Death and Reality TV: Has Reality Gotten Too Real?

This week, MTV is dealing with the fall-out from the death of one of their reality stars. Shain Gandee, a castmember of the Jersey Shore in Appalachia show Buckwild, and two companions died of accidental carbon-monoxide poisoning while going late-night off-roading—a pastime that Shain was often shown enjoying on the show.
 
The death of the reality star has some questioning the future of the show, which had begun filming its second season. But a larger question could also be asked about the future of reality TV at large: has the line been crossed where the fun antics that once drew young viewers in, have too heavy a consequence to keep them watching? Did everything just get a little too real?
 
Young viewers want reality TV that lifts them up, or makes them feel better about themselves through the magic of schadenfreude. But when the scale tips too far in the side of morose, the fun of watching comes to a screeching halt. Reality TV holds a unique place in entertainment for viewers, who love to see “real” people with over-the-top drama, but are wary of being too reminded of the stresses or sadnesses of their own lives while watching. It’s possible that Gen Y viewers could turn away from the genre of reality as it exists now if it continues to showcase the things in life they’d just rather not see.
 
Reality TV charts new territory when it comes to where the boundaries between public and private lie. Though the shows might have a staff of writers, these are real people being featured, so hiding their flaws and tragedies is not a possibility. This is not the first death of a reality star that has been glaringly played out in the public spotlight. Bravo drew criticism for continuing with the second season of Real Housewives of Beverly Hills after the death of Russell Armstrong, the…

 
 
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Millennial News Feed

Quote of the Day: “Already-made costumes usually don't look all that good and are overpriced. Another MAJOR issue is what do I do with that wholly bought costume [after Halloween]? I don't want to store a Hobbit costume all year, or throw it away.” –Male, 27, CA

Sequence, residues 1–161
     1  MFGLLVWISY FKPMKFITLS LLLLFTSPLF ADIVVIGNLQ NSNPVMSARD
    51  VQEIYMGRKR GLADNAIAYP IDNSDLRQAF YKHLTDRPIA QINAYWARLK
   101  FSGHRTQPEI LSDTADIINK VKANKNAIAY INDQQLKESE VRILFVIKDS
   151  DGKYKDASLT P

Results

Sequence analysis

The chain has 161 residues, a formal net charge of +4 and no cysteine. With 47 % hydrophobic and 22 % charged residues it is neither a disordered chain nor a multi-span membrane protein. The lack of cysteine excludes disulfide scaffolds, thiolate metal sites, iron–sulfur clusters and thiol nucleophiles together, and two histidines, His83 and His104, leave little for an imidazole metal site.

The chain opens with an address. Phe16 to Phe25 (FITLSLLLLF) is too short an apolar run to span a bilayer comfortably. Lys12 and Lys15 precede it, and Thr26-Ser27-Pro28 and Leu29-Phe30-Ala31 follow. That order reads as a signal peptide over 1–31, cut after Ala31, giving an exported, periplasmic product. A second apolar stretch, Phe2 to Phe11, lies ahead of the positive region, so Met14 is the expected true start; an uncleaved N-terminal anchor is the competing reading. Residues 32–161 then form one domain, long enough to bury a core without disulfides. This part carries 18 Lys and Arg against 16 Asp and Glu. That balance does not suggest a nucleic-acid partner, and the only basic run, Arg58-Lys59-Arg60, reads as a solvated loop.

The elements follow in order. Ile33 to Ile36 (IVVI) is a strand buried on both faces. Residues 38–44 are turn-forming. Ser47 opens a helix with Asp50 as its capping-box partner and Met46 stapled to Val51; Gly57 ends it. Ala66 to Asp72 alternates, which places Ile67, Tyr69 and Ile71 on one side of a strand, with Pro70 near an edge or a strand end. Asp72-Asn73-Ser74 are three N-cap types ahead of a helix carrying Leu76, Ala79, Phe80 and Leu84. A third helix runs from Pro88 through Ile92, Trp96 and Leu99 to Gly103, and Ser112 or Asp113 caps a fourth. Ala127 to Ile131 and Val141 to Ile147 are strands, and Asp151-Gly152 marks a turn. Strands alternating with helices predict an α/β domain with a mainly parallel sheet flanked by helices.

Kids might still have Frozen fever (bets on how many Elsas we’ll see this Halloween?) but Disney is ready to build buzz for their next princess movie. This week the first artwork for Moana, the story of a Polynesian princess sailing the Pacific, was released, along with news that the film will be out in 2016. Moana will be the fifth non-white Disney princess, which our Instant Poll results today show should align with viewers’ wishes. (Vulture)

High-end designers continue to make children’s clothing to outfit the best dressed generation, and fashion for the pre-teen set is looking more sophisticated than ever: GapKids’ collaboration with kate spade new york and Jake Spade is hitting stores for just two weeks on October 30th, featuring kid versions of some of the labels’ bright and colorful signature pieces. While Gap’s campaign telling adults to “dress normal”missed the mark—and isn’t doing any favors for their sales—we suspect this more whimsical pint sized capsule collection will have parents lining up. (Nitrolicious

How big has The Walking Dead gotten? The post-zompocalyptic gore-fest is so popular that ratings for its first two episodes beat out Sunday Night Football among “the demo that really matters,” viewers 18-49-years-old. Dead’s victory over football could be because this audience thought the games airing weren’t interesting. But if the ratings trend continues, it could be potential evidence that football is losing Millennial fans. (UproxxDeadline)

For teens today, fights in the hallway can lead to much worse than getting detention; students are actually being arrested for misbehavior in schools. Even smaller disciplinary issues like chewing gum, wearing too much perfume, or in one case eating another student’s chicken nuggets, can result in misdemeanor charges. The increased presence of police on campuses, and rise in teachers reporting misbehavior to local authorities, “has turned traditional school discipline…into something that looks more like the adult criminal-justice system.” (WSJ)

Millennial populations in small towns and rural areas might be “ticking slightly upward,” but that growth is no match for the continued trend of urbanization that the generation is spurring. Millennials are also moving en masse to the “fancier suburbs” of big cities, and reportedly Arlington, VA has seen an 82% growth in members of the generation from 2007 to 2013. Small towns feel limiting to these young consumers, who are still flocking to more bustling areas despite the fact that they are more expensive. (NPR)

Our Infographic Snapshots are data visualizations that take our proprietary bi-weekly survey stats and synthesize them to tell a story about this generation’s behaviors and views. From political stances to social media use to spending, we illustrate how many, how much, and how often. These helpful infographics are available to our Gold and Silver subscribers. (Ypulse)

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